Did their wages improve? Have not heard any thing about that .

All change is by way of the gallows and the block apparently.

Wouldn't it be nice though if the wealthy could share a bit for the masses. unlikely though as the trend for the pay of CEO types is such that it is now around 250 times that of the average pay packet.

If I was younger and fitter I would help built the barricades but am now too clapped. What a bugger.

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@ Gaz

"effectively condoning murder when you're in a public office beggars belief"

It does, it does. Yet our lords & masters condone it every day...

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Pirate

Sometimes....

Sometimes companies make decisions that just can't be justified. Here in America we have a company that is closing a plant... they refuse to keep the plant open and they refuse to sell the plant. 600 workers losing their jobs, a small city is having to deal with 600 families losing their livelihood. An empty building becoming a source of blight within a small town.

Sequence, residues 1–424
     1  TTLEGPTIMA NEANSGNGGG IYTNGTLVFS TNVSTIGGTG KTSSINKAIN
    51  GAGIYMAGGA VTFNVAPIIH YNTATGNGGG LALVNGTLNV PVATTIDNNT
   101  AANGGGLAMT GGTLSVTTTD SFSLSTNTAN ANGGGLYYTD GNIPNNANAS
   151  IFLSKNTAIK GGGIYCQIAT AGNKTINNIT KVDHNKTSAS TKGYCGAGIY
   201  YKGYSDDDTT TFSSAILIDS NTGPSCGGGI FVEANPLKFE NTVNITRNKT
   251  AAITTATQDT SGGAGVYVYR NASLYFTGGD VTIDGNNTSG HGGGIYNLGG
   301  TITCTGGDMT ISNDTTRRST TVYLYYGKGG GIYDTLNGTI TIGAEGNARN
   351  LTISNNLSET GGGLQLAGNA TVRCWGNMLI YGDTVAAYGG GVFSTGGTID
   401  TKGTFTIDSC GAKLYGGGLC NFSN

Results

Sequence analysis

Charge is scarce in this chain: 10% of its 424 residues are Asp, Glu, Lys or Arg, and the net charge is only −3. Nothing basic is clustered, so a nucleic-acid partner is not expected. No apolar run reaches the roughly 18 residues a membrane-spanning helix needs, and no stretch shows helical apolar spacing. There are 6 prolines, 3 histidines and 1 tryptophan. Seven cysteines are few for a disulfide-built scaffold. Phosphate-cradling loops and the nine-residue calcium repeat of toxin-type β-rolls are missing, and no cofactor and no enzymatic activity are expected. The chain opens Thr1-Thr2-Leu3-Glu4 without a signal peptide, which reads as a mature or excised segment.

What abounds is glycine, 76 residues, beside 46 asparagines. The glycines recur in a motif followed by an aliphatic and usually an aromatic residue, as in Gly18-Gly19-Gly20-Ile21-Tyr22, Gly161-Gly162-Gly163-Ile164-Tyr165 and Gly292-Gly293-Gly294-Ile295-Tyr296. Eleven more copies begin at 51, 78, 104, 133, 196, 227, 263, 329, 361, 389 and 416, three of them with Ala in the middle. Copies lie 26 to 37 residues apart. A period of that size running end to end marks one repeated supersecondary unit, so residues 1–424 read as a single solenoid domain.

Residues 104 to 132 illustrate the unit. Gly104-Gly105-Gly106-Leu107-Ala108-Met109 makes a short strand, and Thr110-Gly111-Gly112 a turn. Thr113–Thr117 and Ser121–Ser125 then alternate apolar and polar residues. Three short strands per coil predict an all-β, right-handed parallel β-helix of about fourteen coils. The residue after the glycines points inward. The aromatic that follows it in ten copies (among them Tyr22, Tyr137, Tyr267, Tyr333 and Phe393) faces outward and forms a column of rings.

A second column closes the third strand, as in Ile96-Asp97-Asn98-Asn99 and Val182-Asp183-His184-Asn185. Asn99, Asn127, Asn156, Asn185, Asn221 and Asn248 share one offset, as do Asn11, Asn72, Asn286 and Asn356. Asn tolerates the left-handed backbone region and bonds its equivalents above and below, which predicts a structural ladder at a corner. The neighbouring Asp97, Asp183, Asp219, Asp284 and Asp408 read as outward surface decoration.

Why? Who knows yet. Possibly wanting to sell the parts at a bit more money than if sold as a whole? To prevent a competitor in their market? For years employees and the city have been a source of income and profit for this company and now they are cast aside without so much as a backwards glance.

http://www.youtube.com/watch?v=lJNIDjmEgmc

Was what they did right? Of course not.

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b
Alert

related:

Mob killing threatens India’s business appeal

http://www.ft.com/cms/s/0/c5afb9fc-8beb-11dd-8a4c-0000779fd18c.html

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Stop

"and no dispute can be settled by murdering an adversary"

Erm, yes it can.

It may not be nice or "right", but I would say that murdering the opposition in an argument would be a pretty effective method of winning the dispute.

Who's left? The winner, that's who.

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Black Helicopters

Union busting was acceptable

Now India have turned that pony around with CEO busting.

Not happy with the death, but the minister WAS right. This IS a warning to CEO's et al.

And ministers say that about the terrorist bombings: they are a threat to ordinary citizens. 'cept for some reason that's not "frankly flabbergasting" when they use it there.

Hypocritical wankers. CEOs should get 2x average pay and shares to double that. Each and every worker works to make the business a success but the CEO is the one that gets most of the bonus. If he's so indispensable, why not do without any workers and see how productivity shoots up.